Those were usually promotional copies sent to record dealers and stores for demo purposes. The little notch or hole cut in the cover meant to make it imperfect for sale.
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It is what is known as a "Cut-Out"
Cut-outs are records which have been cut or drilled in order to indicate they have been sold at a discount price. Cut-outs are predominantly a US phenomenon is used mainly by distributors to prevent dealers trying to return discount items for a full refund.
Some labels and even record stores have used the same method to prevent returns.
It has also occasionally been used to identify promotional items, which have been given away, including those given away to radio stations.
Both of the two reasons are true.
Cut corners, notches, and 'BB' holes were used to mark Lps taht could not be returned for credit. (Either by the consumer, retailer, or distributor)
The notch was usually for actual overstock, being sold off at a big discount.
BB holes, and cut off corners were more often giveaways, as promos, but could (seldom) also be ordinary overstock.
Same with CDs. The circle cut into the barcode is always a promo, and the side of the jewelcase sawcut is overstock.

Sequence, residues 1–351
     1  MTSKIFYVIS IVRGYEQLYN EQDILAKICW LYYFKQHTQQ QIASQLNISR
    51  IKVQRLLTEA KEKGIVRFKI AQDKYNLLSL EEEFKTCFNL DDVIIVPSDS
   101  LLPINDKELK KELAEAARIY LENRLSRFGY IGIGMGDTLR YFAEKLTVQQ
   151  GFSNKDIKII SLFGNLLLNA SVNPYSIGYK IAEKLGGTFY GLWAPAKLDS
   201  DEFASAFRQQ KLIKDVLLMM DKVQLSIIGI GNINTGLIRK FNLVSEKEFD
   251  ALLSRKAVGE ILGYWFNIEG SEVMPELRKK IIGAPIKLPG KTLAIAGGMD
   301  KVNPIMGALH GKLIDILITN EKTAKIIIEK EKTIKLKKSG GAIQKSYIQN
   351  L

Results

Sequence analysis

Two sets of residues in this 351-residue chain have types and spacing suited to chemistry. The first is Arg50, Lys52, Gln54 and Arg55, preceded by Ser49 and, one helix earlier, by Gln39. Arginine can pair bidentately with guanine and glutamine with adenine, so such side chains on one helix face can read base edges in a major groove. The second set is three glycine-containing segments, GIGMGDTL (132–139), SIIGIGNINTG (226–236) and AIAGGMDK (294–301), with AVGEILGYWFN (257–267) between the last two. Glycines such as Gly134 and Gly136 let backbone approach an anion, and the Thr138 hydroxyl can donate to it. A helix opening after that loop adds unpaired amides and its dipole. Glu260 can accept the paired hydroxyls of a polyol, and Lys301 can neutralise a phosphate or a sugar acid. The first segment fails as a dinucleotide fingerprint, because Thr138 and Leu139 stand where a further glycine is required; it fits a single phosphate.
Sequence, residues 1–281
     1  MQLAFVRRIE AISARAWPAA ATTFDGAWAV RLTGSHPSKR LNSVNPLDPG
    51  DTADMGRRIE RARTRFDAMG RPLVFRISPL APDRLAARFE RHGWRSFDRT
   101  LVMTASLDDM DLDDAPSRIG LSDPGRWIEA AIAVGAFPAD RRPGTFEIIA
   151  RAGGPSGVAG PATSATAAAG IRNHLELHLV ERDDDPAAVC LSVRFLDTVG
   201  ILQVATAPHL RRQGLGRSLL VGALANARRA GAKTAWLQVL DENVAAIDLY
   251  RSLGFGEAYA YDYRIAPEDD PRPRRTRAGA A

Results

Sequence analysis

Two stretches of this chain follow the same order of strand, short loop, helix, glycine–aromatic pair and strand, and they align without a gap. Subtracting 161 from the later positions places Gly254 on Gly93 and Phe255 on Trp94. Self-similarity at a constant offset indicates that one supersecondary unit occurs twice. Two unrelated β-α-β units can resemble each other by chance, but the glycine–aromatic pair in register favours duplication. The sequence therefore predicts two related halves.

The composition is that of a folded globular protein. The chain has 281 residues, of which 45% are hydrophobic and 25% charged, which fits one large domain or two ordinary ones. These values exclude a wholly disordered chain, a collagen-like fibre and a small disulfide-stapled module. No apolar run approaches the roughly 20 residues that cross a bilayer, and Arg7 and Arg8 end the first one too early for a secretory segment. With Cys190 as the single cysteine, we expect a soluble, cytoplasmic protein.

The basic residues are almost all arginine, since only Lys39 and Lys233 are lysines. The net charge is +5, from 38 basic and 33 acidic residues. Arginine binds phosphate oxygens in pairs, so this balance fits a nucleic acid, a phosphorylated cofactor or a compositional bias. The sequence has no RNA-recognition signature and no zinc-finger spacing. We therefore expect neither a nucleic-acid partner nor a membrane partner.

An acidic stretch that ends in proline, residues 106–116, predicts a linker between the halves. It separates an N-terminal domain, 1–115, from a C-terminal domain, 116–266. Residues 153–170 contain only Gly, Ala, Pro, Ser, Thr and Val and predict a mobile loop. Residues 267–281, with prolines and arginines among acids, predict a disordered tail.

Nrchy sez: "Usually they were left over from overpressing LPs that ended up not selling for full price."
This is true, and I know Nrchy was not trying to say this, but it does not always mean that the record is the gazillionth one produced from the master and of poorer quality. I have heard some folks equate the two and it is just wrong.
I have many outstanding recording that are notched. In the case of classical, some jazz, some off-beat rock, and especially my favorite bluegrass scores lotd of titles were produced in relatively limited numbers for a limited market. So, depending on the title, label, and genre, they can be a heck of a bargain if the seller thinks they are in some way inferior.
Thanks, everyone....I've been jumping on "unopened, still-sealed" listings for LP's after several instances of buying "mint" used records of supposedly MFSL audiophile quality, that are 'scratchy' when played.
Aggressive cleaning (VPI machine w/RRL's fluids and felt brushes... "Last" "Groove-Glide"....nothing gets rid of the 'scratchiness' surface noise. These records look great w/ no obvious scratches on them!
Any other suggestions? I'll post this in a new thread, I guess...
I'll take a notched record album cover over a scratchy sounding record any day.
(Although, most of these still-sealed recordings have warped edges from improper storage.....can't win! ;(